Project description:Adaptive radiations are of particular interest owing to what they reveal about the ecological and evolutionary regulation of biodiversity. This applies to localized island radiations such as Darwin's finches, and also to rapid radiations occurring on a global scale. Here we analyse the macroevolution and macroecology of Pheidole, a famously hyperdiverse and ecologically dominant ant genus. We generate and analyse four novel datasets: (i) a robust global phylogeny including 285 Pheidole species, (ii) a global database on regional Pheidole richness in 365 political areas summarizing over 97 000 individual records from more than 6500 studies, (iii) a global database of Pheidole richness from 3796 local communities and (iv) a database of Pheidole body sizes across species. Analysis of the potential climate drivers of richness revealed that the patterns are statistically very similar across different biogeographic regions, with both regional and local richness associated with the same coefficients of temperature and precipitation. This similarity occurs even though phylogenetic analysis shows that Pheidole reached dominance in communities through serial localized radiations into different biomes within different continents and islands. Pheidole body size distributions have likewise converged across geographical regions. We propose these cases of convergence indicate that the global radiation of Pheidole is structured by deterministic factors regulating diversification and diversity.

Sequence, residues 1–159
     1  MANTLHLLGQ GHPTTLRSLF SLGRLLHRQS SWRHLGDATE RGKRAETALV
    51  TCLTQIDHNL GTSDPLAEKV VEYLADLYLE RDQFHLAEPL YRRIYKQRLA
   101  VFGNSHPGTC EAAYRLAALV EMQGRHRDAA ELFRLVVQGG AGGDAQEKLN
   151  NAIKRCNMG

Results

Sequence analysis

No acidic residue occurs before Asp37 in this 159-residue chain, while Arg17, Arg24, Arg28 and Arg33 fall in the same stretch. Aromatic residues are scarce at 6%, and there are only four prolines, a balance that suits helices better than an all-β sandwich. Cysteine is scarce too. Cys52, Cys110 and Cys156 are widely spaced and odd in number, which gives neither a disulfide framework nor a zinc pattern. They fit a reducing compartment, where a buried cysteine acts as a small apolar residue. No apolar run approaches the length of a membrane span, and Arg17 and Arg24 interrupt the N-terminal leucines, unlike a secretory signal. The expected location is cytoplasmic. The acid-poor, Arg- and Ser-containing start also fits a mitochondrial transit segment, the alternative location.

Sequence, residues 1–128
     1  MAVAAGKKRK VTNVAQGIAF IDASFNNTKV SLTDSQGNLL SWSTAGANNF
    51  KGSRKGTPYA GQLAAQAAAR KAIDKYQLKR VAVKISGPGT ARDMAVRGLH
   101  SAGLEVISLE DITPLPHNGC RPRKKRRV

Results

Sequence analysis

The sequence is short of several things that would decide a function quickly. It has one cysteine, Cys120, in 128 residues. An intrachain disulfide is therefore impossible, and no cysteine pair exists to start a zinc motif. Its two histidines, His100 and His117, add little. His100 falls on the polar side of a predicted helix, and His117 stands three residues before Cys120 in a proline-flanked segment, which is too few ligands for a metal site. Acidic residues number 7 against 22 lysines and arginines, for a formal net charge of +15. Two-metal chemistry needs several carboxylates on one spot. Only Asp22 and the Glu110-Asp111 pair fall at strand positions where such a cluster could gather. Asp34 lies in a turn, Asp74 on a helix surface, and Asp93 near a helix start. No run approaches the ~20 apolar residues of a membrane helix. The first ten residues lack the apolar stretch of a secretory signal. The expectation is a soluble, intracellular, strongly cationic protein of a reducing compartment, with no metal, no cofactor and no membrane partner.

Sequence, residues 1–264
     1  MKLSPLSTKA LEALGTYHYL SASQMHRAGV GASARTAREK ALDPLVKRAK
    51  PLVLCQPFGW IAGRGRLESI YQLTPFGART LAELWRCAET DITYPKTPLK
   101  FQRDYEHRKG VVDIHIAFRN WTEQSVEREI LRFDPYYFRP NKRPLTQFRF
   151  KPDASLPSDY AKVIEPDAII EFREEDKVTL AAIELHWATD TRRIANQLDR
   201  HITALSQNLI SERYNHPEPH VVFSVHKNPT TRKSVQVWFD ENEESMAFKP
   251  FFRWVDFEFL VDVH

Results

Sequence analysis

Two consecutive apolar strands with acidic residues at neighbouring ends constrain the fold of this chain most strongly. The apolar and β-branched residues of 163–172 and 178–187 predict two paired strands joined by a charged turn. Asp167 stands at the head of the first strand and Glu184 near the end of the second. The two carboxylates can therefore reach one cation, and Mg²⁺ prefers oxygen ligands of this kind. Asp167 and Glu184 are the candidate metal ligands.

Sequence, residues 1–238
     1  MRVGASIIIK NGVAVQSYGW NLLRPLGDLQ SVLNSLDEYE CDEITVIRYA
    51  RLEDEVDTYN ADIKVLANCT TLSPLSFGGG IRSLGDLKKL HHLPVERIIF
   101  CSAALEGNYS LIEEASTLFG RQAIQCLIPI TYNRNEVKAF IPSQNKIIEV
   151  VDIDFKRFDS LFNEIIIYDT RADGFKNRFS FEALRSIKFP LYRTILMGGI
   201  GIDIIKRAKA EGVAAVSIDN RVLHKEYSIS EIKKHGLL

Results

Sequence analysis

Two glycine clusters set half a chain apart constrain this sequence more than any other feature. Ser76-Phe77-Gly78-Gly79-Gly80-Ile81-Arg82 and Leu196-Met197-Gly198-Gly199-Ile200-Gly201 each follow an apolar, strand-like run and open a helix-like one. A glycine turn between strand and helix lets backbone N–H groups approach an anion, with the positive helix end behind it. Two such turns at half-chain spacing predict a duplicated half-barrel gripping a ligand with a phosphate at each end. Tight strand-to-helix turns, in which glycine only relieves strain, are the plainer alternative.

Project description:The evolutionary success of ants and other social insects is considered to be intrinsically linked to division of labor among workers. The role of the brains of individual ants in generating division of labor, however, is poorly understood, as is the degree to which interspecific variation in worker social phenotypes is underscored by functional neurobiological differentiation. Here we demonstrate that dimorphic minor and major workers of different ages from three ecotypical species of the hyperdiverse ant genus Pheidole have distinct patterns of neuropil size variation. Brain subregions involved in sensory input (optic and antennal lobes), sensory integration, learning and memory (mushroom bodies), and motor functions (central body and subesophageal ganglion) vary significantly in relative size, reflecting differential investment in neuropils that likely regulate subcaste- and age-correlated task performance. Worker groups differ in brain size and display patterns of altered isometric and allometric subregion scaling that affect brain architecture independently of brain size variation. In particular, mushroom body size was positively correlated with task plasticity in the context of both age- and subcaste-related polyethism, providing strong, novel support that greater investment in this neuropil increases behavioral flexibility. Our findings reveal striking levels of developmental plasticity and evolutionary flexibility in Pheidole worker neuroanatomy, supporting the hypothesis that mosaic alterations of brain composition contribute to adaptive colony structure and interspecific variation in social organization.